Across the world, nations aspire towards educational equity. Very often, this aspiration involves efforts to close what is called the ‘education gap’ or the ‘attainment gap’. Many of these efforts stem from concerns to increase attainment on national, standardised tests so that students might better position themselves in the job market. Such efforts are not without success and many countries can point to a reduction in the gaps between certain groups with regard to such educational attainment. However, it has to be noted that not every nation focuses their efforts on attainment alone; indeed, some would point to other measures for equity in education such as access to higher education or general health and wellbeing.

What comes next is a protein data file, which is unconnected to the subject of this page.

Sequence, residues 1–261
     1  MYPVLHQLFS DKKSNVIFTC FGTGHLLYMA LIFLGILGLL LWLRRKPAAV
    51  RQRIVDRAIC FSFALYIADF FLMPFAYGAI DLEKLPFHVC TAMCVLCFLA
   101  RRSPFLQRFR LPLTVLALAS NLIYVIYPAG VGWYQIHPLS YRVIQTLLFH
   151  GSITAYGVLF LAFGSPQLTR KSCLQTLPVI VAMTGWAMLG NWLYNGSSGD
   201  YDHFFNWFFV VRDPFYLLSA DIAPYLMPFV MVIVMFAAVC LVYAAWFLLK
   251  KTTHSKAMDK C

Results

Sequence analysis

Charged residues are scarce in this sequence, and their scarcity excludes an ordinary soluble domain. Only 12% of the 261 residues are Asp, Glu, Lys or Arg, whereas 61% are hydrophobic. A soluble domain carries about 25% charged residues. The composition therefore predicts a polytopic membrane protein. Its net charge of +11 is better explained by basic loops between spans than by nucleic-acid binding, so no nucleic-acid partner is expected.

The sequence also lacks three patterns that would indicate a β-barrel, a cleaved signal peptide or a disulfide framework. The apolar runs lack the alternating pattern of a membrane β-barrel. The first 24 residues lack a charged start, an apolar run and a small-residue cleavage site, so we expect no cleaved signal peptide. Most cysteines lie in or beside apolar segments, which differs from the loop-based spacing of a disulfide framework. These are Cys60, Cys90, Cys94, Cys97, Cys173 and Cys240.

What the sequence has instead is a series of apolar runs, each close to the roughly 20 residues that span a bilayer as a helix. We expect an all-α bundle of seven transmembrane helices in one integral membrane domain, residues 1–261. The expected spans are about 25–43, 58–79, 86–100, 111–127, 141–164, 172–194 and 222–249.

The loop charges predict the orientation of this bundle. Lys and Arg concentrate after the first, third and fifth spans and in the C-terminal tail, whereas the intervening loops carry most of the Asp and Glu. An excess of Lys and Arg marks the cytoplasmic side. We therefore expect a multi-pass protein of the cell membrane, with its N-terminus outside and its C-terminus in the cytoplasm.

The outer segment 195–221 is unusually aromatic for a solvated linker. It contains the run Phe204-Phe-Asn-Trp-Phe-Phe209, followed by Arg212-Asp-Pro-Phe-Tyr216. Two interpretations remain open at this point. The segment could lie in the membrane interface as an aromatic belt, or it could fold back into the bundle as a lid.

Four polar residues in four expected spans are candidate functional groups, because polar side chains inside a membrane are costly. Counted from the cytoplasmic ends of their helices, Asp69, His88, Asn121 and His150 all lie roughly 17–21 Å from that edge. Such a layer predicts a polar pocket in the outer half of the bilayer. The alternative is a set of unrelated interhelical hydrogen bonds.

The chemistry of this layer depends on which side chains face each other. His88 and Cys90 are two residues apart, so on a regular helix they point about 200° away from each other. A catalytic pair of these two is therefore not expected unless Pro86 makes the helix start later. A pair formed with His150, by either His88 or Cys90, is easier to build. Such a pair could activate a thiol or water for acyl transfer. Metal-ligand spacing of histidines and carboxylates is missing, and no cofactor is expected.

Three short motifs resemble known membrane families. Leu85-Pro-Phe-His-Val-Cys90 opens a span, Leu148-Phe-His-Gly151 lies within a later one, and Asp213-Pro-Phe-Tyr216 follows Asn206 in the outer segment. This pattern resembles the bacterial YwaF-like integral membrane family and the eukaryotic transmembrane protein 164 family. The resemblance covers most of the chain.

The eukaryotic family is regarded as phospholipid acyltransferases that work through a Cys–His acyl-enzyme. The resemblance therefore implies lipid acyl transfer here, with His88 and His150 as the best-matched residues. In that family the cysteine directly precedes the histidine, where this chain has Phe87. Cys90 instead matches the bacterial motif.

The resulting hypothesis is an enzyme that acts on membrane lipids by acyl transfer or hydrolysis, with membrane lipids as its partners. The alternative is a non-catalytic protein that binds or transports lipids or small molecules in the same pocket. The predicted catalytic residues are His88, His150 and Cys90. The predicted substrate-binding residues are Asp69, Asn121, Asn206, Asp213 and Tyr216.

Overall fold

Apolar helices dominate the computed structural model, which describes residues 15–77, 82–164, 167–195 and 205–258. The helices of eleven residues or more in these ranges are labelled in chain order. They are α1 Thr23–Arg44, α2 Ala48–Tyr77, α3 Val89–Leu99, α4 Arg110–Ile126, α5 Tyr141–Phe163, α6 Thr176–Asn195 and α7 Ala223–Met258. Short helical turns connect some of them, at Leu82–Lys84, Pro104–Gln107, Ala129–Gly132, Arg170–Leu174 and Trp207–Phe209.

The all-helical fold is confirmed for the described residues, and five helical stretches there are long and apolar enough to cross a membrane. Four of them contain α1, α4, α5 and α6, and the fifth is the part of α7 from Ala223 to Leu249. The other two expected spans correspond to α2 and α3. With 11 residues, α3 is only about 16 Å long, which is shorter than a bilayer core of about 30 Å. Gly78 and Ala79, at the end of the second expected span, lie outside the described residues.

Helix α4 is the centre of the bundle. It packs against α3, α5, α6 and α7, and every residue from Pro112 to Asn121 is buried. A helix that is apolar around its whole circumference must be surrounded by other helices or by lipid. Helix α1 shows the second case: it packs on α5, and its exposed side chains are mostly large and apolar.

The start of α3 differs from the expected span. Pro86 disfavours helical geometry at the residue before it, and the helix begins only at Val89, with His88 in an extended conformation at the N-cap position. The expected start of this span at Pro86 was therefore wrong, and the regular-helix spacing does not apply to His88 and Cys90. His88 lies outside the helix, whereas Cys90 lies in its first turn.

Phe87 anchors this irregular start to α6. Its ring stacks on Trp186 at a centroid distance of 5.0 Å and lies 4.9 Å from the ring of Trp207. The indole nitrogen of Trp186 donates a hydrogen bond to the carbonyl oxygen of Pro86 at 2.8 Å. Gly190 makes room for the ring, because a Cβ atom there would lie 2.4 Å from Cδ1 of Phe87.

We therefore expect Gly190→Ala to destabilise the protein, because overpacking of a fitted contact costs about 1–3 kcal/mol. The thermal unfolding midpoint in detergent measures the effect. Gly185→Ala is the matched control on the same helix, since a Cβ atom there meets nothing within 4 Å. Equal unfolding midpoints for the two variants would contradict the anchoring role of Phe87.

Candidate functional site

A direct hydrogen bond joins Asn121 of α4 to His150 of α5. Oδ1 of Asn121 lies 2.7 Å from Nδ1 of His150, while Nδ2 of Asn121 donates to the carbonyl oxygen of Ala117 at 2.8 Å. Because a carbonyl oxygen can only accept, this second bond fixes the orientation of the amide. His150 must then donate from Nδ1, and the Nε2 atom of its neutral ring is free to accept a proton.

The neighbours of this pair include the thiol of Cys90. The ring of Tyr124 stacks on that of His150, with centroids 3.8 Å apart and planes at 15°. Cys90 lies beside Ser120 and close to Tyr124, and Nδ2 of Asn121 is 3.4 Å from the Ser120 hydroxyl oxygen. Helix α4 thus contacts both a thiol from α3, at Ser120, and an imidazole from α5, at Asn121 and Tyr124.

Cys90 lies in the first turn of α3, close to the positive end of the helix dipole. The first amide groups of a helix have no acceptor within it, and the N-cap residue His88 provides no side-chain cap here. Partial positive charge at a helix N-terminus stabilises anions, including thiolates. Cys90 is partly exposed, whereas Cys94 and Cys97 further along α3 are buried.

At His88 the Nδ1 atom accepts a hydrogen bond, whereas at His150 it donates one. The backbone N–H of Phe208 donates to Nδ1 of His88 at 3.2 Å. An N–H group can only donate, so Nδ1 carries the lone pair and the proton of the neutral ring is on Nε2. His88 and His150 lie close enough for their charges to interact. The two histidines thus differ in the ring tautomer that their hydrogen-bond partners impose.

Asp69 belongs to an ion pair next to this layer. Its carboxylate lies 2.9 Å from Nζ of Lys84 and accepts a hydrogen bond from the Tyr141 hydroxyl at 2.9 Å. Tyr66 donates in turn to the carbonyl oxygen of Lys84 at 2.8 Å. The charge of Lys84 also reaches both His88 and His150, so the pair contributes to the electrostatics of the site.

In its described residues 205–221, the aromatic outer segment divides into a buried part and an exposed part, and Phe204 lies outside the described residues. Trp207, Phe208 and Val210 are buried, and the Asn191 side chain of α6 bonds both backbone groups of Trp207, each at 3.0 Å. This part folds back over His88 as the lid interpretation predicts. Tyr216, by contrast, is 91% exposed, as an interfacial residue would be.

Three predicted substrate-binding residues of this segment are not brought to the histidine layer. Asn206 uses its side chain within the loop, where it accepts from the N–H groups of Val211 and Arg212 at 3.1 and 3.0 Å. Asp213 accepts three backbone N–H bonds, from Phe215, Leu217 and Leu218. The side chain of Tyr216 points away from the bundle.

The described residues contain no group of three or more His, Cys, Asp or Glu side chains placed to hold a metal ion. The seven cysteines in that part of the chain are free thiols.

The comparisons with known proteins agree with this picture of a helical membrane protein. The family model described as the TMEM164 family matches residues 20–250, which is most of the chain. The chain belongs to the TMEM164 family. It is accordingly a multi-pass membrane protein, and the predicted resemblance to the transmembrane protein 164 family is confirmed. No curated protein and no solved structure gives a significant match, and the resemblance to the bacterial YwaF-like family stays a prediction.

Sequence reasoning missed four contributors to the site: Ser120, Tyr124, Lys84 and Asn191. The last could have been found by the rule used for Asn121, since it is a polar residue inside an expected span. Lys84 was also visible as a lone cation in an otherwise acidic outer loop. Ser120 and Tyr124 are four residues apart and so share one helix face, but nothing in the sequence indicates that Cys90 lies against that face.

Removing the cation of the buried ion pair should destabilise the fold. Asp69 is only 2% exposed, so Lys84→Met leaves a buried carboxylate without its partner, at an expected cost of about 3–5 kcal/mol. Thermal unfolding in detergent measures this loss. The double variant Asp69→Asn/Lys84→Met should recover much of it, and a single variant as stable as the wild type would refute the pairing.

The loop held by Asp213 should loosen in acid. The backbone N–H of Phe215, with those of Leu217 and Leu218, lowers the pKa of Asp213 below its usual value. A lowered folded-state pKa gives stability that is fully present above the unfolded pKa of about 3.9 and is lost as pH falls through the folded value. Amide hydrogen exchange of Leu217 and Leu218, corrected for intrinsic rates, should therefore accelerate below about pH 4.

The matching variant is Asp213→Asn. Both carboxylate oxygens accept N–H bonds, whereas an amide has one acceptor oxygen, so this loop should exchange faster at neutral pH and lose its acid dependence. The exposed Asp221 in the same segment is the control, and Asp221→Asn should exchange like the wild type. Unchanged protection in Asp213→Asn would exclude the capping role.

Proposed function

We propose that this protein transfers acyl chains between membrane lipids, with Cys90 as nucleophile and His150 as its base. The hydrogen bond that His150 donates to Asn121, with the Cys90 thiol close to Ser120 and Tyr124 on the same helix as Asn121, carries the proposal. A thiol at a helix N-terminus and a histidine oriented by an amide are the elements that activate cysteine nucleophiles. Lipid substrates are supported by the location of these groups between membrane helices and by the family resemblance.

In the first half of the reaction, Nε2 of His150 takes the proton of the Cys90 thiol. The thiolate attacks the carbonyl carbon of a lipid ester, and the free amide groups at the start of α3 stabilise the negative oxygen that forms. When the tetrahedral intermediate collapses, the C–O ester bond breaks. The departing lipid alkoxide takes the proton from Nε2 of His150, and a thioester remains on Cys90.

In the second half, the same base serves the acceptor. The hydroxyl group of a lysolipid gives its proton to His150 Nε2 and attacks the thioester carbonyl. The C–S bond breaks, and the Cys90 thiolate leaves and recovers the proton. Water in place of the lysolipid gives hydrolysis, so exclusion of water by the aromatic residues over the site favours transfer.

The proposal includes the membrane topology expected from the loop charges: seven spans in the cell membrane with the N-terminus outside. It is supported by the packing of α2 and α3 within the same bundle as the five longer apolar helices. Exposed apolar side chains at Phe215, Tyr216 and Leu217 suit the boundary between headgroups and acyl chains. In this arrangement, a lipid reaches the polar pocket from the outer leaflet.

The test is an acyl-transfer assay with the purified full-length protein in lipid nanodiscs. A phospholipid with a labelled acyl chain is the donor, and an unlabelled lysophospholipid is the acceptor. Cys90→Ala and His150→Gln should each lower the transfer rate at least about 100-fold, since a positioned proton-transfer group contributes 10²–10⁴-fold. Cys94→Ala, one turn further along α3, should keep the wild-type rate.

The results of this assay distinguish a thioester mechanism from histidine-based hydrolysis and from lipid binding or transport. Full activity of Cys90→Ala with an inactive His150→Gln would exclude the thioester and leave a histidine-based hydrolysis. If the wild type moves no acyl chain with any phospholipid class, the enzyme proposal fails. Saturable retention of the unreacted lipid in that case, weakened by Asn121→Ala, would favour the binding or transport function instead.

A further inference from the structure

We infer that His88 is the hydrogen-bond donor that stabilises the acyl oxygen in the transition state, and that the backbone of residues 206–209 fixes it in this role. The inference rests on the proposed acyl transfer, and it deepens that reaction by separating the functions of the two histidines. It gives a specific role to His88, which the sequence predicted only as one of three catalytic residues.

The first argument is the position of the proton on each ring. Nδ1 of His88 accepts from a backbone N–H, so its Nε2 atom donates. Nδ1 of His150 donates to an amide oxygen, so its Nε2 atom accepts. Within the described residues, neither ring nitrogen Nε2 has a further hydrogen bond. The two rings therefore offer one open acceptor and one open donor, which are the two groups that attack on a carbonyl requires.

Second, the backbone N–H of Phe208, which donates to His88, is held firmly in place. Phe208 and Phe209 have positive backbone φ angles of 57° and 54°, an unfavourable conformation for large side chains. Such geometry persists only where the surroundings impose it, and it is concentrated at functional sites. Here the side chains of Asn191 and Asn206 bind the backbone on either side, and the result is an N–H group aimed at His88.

This conference is part of a larger project working in collaboration with colleagues at the Education University of Hong Kong. The event provides a forum for scholars to debate the nature of educational equity and its relation to academic attainment and achievement. These inequities, and resulting gaps, will be examined through their relationship with education systems that purport to narrow the differences between rich and poor, male and female, advantaged and disadvantaged, etc.